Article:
Monthly Archives: May 2020

The Fourth Dimension

The fourth; the dimension of stillness.
And the power over wild beasts.

Ezra Pound, Canto 49

In physics, the fourth dimension is time. In poetry, however, and especially poetry that is inspired by Chinese literature and philosophy (as Pound’s was), the passing of time is approached in experiential terms, not simply as a measurable dimension. Since Pound tried to situate his poetry spatially “in periplum”, as if drawing a map of the coastline as it appears from a ship, not as it looks from above, it makes sense for him to describe the fourth dimension as “stillness”. Time is what happens — the only thing that happens — when we’re sitting utterly still, when we have completely suspended our motion through space. As when we’re reading a book.

It is this stillness that literature appeals to. In fact, we can say that a writer demands such stillness from the reader; the writer demands the reader’s attention. By meeting this demand, by paying attention, the reader produces the requisite stillness. Perhaps this is what Huineng was talking about in that famous koan about the two monks who are arguing about whether it is the flag or the wind that is moving. “You’re both wrong,” Huineng tells them. “It is the mind that is moving.” Most people understand (or fail to understand) that as a profound truth about reality in itself, but I sometimes think he was being ironic: “Right now, it’s your mouths that are moving. Stop arguing. Be still, and you’ll see what’s really going on.” Sit down, young grasshoppers, in other words, and shut up.

This is what every text implicitly tells you to do. Learning to read is learning to find that calm place in your mind where real insight is possible. The discipline of reading is that of letting words that someone else has chosen pass through your mind in an order that is as little under your control as the motion of a flag in the wind. The stream of words is punctuated, forming sentences that evoke images, and these, too, are not yours to determine. You let the words and the images pass through your imagination; you give yourself over to their power.

This civilizes us. We entrust our minds to books because because we know they are not a battery of sticks and stones pointed in our direction. If they abuse our trust, if they make us imagine things we don’t want to see, then we can always close them and put them down. While we are not in control of what happens when we read, we are in control of whether to continue reading. We are perfectly safe and it is this presumption of safety that makes literature so valuable. The writer should feel free to speak from what Lisa Robertson called “the motion of her own mind.” Neither the page nor the reader’s lips move. The mind moves.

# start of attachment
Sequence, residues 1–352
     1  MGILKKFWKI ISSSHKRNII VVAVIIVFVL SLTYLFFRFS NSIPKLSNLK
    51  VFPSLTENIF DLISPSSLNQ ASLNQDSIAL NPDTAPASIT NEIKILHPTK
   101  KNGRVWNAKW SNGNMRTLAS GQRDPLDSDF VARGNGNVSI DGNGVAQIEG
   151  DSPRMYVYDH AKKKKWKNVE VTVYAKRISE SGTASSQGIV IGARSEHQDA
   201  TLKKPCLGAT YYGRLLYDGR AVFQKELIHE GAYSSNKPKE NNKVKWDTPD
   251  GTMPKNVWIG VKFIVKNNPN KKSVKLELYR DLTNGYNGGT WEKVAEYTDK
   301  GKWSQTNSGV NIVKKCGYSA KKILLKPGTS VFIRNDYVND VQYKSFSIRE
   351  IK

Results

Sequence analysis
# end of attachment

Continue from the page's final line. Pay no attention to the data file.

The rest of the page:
To write is to occupy your reader’s time, not to encroach on their space. The two-dimensional page and the three-dimensional book are merely instruments, incidental to the main purpose of the text, which is to get the reader into the right frame of mind. It is a way for the text to interact with the four-dimensional space-time we call reality and establish the right kind of attention. Once this has been accomplished, the materiality of the text should fade into the background, noticed (like Luzhin’s matches) only unconsciously, or when something goes wrong, such as when we accidentally flip two pages at once and nothing makes sense any longer. Normally, the text is not merely superficial but altogether tenuous; oblivious to the height and width and depth of life, it proceeds, one word after another, along a single line that the writer has drawn. The reader, sitting still, follows it.

The Three-Dimensional Book

“So we are nearing the end. The right-hand, still untasted part of the novel, which, during our delectable reading, we would lightly feel, mechanically testing whether there was still plenty left (and our fingers were always gladdened by the placid, faithful thickness) has suddenly, for no reason at all, become quite meager: a few minutes of quick reading, already downhill, and…” (Vladimir Nabokov, Invitation to a Beheading)

Some books are famously “thick”. In the old days, before Kindle, this was a physical fact about them. Thickness was a palpable reality, something you felt in your hands as you read the book. It also meant that you knew when the end was coming — you could feel it approaching between the index finger and thumb of your right hand. Surely, this feeling is part of the experience of reading, part of our training in books. (I know that people still read books, and even before kindle, some books were gathered together in collections and anthologies so that the end of one novel, and the beginning of the next, could occur anywhere. But I think you understand my point.) A book is not just the text that is printed on its pages; it is also a physical, three-dimensional object. Just as we can enjoy the two-dimensional surface of the page on purely aesthetic grounds, we can derive pleasure from the texture of the binding and the way pages are cut, the weight of the book and the thickness of the paper.